The Dojo Nabe is a restaurant with a long history. For over eight generations, the Watanabe family have served the hungry of Tokyo. There are no tables and chairs in the restaurant. Patrons sit on bamboo mats, and the dishes are served on a wooden board in front of them.
Every morning, the proprietors place three piles of salt on the street in front of the restaurant. The practice dates to a time when Tokyo was not a hyper-urban metropolis. When farmers would bring their cows to town, the cows would stop to lick the salt. The farmer, having extra time on his hands, would notice the restaurant and perhaps stay for lunch. Thus, sales were increased. Over a hundred years ago, it was a clever marketing tool. Today, no one is driving their cows through the streets of Tokyo. Those three piles of salt on the street have no practical value. It has become merely habit or a tradition.
Call me crazy, but I think such traditions are a good thing. Traditions help us maintain connections to people and places long gone. They suggest that life is more than our moment in time. We share something in common with the people who went before us. I realize that I am different from many Americans. As a culture, we don’t think much about traditions. We are wired to focus on the “new and improved.”
Still, for one time a year, even Americans turn to habits and patterns long established. During the seasons of Thanksgiving and Christmas, we don’t mind sharing our lives with the past. Many get nostalgic about this time of the year. Even those who rarely come to a worship service find themselves singing the old hymns and hearing the old stories. We take comfort that the holiday worship services look the same as the ones we attended when we were children.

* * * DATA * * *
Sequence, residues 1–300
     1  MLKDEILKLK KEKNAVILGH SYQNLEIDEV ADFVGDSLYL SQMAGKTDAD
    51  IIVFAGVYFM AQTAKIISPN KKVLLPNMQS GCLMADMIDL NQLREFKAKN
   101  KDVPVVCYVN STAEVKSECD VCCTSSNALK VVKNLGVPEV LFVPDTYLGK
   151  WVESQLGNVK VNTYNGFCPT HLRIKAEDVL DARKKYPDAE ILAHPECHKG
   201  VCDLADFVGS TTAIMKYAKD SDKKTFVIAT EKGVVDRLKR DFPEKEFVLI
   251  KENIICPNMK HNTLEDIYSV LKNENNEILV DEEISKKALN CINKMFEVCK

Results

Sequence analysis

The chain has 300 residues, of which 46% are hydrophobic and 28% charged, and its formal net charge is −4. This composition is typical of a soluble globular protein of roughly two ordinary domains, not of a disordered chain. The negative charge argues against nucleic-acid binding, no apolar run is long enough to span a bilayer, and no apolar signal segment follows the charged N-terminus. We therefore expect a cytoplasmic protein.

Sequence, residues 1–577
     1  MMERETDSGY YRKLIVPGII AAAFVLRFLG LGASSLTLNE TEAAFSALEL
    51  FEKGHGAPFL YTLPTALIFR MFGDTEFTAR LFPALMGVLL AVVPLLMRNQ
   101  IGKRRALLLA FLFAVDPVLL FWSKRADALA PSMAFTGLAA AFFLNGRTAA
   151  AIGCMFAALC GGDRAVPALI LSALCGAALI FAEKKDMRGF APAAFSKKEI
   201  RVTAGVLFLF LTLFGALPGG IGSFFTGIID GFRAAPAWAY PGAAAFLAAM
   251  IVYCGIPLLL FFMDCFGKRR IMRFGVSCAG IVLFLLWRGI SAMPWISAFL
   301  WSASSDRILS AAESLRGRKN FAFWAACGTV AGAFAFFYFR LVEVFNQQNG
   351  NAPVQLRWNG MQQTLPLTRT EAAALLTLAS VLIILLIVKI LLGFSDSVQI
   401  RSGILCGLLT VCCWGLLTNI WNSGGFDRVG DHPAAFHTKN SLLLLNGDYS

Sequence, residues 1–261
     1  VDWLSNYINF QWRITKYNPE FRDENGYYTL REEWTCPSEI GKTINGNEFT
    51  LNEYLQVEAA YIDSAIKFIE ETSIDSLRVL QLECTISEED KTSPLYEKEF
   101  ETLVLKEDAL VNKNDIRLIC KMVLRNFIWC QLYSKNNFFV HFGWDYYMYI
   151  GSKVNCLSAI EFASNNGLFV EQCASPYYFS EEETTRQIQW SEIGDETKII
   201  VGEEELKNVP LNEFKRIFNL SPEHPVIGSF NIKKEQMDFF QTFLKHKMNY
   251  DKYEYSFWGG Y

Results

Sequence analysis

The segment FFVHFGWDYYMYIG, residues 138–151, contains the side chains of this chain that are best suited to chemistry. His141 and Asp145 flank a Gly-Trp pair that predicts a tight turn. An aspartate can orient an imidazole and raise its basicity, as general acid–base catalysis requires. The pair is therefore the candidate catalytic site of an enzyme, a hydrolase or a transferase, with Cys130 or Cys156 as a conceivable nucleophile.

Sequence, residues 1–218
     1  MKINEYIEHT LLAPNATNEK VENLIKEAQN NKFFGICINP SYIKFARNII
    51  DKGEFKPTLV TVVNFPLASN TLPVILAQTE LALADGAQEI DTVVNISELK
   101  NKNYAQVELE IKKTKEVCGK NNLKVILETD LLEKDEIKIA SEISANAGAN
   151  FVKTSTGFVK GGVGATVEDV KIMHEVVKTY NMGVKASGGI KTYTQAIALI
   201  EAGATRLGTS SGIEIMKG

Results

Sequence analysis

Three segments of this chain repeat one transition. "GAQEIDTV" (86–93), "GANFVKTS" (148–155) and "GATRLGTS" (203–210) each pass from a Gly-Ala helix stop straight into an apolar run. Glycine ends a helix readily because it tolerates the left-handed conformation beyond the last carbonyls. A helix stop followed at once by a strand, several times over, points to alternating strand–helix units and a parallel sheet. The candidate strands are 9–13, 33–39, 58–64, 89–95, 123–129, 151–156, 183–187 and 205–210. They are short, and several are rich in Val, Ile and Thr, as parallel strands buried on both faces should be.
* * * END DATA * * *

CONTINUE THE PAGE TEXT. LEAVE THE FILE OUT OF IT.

I would never trade the tradition of the holidays, but I wonder if we are missing something. Is it possible that we have fallen in love with the things of God, rather than God himself? In the poetry of Luke’s gospel, in the familiarity of Silent Night, and in the pageantry of the candlelight service, we sometimes forget the real purpose. God entered history, and nothing, not even death, could stop him.
This holiday season, we should seek a re-connection to the meaning behind the ritual. Our worship does not venerate the dead who remain safely dead. Instead, we worship a living God who claims our very lives. Discipleship is more than putting salt on the streets.
Grace & Peace,